‘Yeah? How so?’ the barman asks.

‘Seeing all these places I know. They look different today.’ Don smiles as if he has a secret he wants to tell.

‘Right. You’re in a good mood,’ the barman says.

‘Oh I am. I’ll tell you why‒’

‘Can I get you anything first?’

‘Yeah. Wait, what’s the time?’ Don checks his watch. ‘Eleven. Bit early for a drink. Anyway.’ Don doesn’t speak for a moment. ‘Do you know what the date is?’

‘Saturday the 21st of May.’ Continue reading


Today [Version 1]

Well it’s been far too long since my last update, but I like this one, so it might make up for that. I’m actually rewriting it at the moment, though, as there’s room for improvement. I’ll post version two when it’s done. Don’t let that put you off reading this version, though!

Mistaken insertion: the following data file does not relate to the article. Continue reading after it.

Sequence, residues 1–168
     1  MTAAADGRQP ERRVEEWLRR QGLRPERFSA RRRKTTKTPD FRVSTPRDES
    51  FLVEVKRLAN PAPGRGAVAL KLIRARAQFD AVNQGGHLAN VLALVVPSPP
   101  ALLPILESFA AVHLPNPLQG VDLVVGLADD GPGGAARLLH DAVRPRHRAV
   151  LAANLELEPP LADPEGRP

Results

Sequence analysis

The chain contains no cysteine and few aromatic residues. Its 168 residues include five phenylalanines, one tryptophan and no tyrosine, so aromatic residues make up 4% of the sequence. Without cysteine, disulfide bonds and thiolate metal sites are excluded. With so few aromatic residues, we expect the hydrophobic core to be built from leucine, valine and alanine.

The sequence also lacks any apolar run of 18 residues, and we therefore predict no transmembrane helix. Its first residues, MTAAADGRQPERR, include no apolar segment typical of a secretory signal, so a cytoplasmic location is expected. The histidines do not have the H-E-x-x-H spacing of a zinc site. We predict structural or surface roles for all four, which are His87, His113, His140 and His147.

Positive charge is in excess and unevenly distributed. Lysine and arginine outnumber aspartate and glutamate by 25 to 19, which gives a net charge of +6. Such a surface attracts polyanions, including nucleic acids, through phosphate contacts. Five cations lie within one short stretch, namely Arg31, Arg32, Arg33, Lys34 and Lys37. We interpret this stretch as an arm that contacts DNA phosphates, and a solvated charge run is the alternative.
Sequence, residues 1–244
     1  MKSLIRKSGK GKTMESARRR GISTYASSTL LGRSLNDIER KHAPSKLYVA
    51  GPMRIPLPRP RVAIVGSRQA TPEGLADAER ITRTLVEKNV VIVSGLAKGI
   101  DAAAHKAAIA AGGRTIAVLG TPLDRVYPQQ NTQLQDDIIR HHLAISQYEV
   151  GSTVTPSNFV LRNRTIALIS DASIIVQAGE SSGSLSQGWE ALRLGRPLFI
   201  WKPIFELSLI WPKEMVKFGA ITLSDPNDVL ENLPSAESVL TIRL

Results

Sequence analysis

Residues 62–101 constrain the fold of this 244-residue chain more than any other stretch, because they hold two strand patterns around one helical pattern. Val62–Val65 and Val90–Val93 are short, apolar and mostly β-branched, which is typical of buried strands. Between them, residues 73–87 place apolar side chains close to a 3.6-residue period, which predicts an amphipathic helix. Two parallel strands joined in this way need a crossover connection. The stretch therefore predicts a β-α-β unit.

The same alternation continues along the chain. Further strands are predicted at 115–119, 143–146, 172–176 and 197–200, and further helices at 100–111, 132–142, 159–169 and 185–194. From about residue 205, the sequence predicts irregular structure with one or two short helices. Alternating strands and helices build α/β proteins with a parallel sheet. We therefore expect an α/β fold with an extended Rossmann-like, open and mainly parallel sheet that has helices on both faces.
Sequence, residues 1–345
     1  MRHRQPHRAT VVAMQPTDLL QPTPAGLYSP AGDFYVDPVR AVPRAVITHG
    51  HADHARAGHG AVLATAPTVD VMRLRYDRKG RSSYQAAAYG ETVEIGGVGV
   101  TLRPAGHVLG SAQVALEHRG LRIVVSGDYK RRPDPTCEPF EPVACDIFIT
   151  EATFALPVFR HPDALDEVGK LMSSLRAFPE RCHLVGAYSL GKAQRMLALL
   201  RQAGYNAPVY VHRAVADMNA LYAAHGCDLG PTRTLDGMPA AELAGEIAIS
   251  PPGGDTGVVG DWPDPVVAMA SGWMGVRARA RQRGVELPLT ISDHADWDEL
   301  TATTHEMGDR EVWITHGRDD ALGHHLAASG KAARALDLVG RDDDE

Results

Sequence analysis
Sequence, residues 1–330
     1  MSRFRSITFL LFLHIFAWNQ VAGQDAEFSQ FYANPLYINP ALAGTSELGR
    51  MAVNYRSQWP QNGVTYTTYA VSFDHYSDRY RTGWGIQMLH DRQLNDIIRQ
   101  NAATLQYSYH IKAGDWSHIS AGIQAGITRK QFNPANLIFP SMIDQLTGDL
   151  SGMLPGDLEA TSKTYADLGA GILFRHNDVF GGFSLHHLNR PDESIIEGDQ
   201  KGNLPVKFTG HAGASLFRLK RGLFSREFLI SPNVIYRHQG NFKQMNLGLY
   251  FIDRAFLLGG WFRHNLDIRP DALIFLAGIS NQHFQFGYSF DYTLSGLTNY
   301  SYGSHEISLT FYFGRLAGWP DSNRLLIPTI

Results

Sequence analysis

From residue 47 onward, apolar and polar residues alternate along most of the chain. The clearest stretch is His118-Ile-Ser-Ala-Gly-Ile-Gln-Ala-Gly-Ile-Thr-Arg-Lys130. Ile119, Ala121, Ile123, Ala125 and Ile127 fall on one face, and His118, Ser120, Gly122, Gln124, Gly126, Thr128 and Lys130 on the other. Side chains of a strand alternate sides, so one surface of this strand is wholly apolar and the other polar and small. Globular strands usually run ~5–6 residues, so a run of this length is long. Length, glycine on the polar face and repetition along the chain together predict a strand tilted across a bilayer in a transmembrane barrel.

Any suggestions for a better title are welcome 🙂

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Today

Waking up this morning was different to how it usually is. Instead of yawning and stretching and stumbling over to the shower I woke up instantly. As soon as I sat up a thought that had been lying in wait all night ambushed me.

Rapture.

The word dominated my mind and in light of it I could hardly believe I’d been asleep at all. Had I really been wasting my last day on Earth this way?

I looked at the clock and saw it was 7:00am. Seven hours gone. Well, there was no use in moping about that and, in any case, there’s no point spending your last day tired out. You wouldn’t be able to enjoy it properly.

I got up, dressed and went downstairs for breakfast. I passed my calendar on the way into the kitchen. It was all blank except for the word ‘Rapture’ written in blue biro on the twenty-first of October, 2011.

I had a bacon sandwich for breakfast: an excellent way to start this particular day. Afterwards I wondered if the Bible says something about not eating pork. It’s been a while since I’ve read it.